Call Search
     

New to Ham Radio?
My Profile

Community
Articles
Forums
News
Reviews
Friends Remembered
Strays
Survey Question

Operating
Contesting
DX Cluster Spots
Propagation

Resources
Calendar
Classifieds
Ham Exams
Ham Links
List Archives
News Articles
Product Reviews
QSL Managers

Site Info
eHam Help (FAQ)
Support the site
The eHam Team
Advertising Info
Vision Statement
About eHam.net

donate to eham
   Home   Help Search  
Pages: [1]   Go Down
  Print  
Author Topic: multiple link coupled trans matches  (Read 1239 times)
WB7TDG
Member

Posts: 87




Ignore
« on: October 27, 2017, 02:21:26 PM »

ok guys...project time...
I have 3 working johnson matchboxes...no, do not want to sell them...
But I am thinking of making a project out of two of them....
One for 80 thru 30 or 40 meters
 and a second one optimized for 30 or 20 meters thru 10 meters....and perhaps 6 meters.
The third one will leave as is.
Definitely will home-brew one for 160 meters.
Any one else do this before?
Logged
KB2WIG
Member

Posts: 356




Ignore
« Reply #1 on: October 27, 2017, 10:37:35 PM »



Not exactly watt your asking, but the following may be of interest to you.


Examining the Johnson Matchbox ATU         Walt W2DU

http://amfone.net/Amforum/index.php?topic=26452.0

klc
Logged
G3RZP
Member

Posts: 8123




Ignore
« Reply #2 on: October 28, 2017, 01:06:21 AM »

I think the capacitor values are a bit large for operation on 6.

For 30, I would experiment with the 40 and 20 metre settings - there's a good chance it will give a match on 30.

Similarly, try either the 15 or 20 metre positions for 17 metres and either the 10 or 15 metre positions for 12m. The Matchbox is pretty flexible and may well not need modifications to cover these bands.
Logged
WD4HXG
Member

Posts: 295




Ignore
« Reply #3 on: October 31, 2017, 02:28:47 AM »

In my experience the box does not do well with impedances with
a low resistance component. Living on a postage stamp lot my
antennae are frequently short of a half wavelength and the box
needs to handle impedances with a resistive component below
25 ohms plus what I consider some fairly obtuse reactances. To
that end if I was planning to redesign the box I would opt to
tap down on the inductor to obtain the ability to match impedances
with a low resistance component, and not use the capacitive divider.
Then I would adjust the coil inductance to allow working two or
three bands with a variable cap tuning the matching network. Few
ops these days have the luxury of full size loops or folded dipoles so
much of the utility of the Johnson Matchbox is unused.

I have several of the Matchboxes and they do shine when using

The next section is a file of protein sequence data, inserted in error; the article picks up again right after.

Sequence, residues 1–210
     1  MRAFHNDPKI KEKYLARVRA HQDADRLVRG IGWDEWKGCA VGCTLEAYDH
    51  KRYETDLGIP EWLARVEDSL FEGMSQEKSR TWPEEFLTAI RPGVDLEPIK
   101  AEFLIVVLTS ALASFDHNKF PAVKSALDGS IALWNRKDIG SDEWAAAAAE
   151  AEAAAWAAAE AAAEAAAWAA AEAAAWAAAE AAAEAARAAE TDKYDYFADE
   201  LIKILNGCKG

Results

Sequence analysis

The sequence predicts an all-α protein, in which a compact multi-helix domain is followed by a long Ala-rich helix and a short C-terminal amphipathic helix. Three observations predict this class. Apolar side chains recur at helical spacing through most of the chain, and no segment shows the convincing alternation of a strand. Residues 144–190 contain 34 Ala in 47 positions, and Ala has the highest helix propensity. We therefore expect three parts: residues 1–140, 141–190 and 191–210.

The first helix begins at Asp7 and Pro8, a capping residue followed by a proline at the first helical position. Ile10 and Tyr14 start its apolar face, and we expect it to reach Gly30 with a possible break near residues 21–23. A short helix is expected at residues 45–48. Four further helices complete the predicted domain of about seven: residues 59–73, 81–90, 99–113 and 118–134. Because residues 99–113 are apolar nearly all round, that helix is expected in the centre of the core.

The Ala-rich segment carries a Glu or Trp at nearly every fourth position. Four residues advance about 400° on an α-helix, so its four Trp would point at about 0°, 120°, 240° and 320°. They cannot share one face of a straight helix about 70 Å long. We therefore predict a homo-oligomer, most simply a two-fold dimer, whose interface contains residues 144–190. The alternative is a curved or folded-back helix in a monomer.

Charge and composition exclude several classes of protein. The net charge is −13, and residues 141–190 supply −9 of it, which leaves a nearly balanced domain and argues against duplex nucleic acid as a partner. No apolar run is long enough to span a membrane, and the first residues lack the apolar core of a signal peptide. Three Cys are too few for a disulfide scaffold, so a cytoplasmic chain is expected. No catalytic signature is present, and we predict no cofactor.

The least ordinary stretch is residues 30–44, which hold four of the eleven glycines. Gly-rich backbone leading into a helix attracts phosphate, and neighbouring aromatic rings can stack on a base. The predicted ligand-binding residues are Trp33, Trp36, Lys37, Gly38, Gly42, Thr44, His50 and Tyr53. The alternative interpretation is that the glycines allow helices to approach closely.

horizontal loops and folded dipoles. I have found it is hard to beat
a loop antenna with a Matchbox for operating flexibility. On the
designed frequency it nicely matches the nominal 100 ohm feed
point. It also can match the loop on even and odd order harmonics
without a lot of power loss in the matching network. Dipoles, doublets,
folded etc do not offer the even order ease of match of a loop.

YMMV

73

Chuck
Logged
WB6BYU
Member

Posts: 17050




Ignore
« Reply #4 on: October 31, 2017, 07:42:12 AM »

Yes, in spite of its hallowed status, the Matchbox does have a limited matching range.
You can increase Itby changing the number of turns on the link coil:  that's the first
place I would start, as the modifications are relatively minor, and it can still cover
multiple bands.

The next step would be to see how it matches on 80m, for example, if the antenna
is tapped across the 40m coil taps.  You may want to include the output capacitor
across the antenna, rather than leaving it across the main tuning capacitor.

What you really want for low impedances is a series tuned circuit rather than
parallel tuned like the original.  This requires a bit more modification, but in
theory would be a matter of cutting the coil in the exact center and connecting
the feedline across the two ends. 

Perhaps the most versatile circuit arrangement would be to connect a large
variable capacitor across the center of the coil instead, and move the output
terminals to the ends of the main tuning capacitor.  (The added capacitor can
replace the 4-section output cap, and needn't be rated for as high of a voltage.)
Now you haven in effect, a balanced pin network tuner: the added capacitor
is in series, and the original is in parallel.  Depending on the ratio of the two,
you can match a wide range of impedances.

The difficult part likely will be cutting the coil in the center, and you can
experiment with a jury-rigged tuner to get a sense of the matching range
and the optimal number of turns on the input link.
Logged
Pages: [1]   Go Up
  Print  
 
Jump to:  

Powered by MySQL Powered by PHP Powered by SMF 1.1.11 | SMF © 2006-2009, Simple Machines LLC Valid XHTML 1.0! Valid CSS!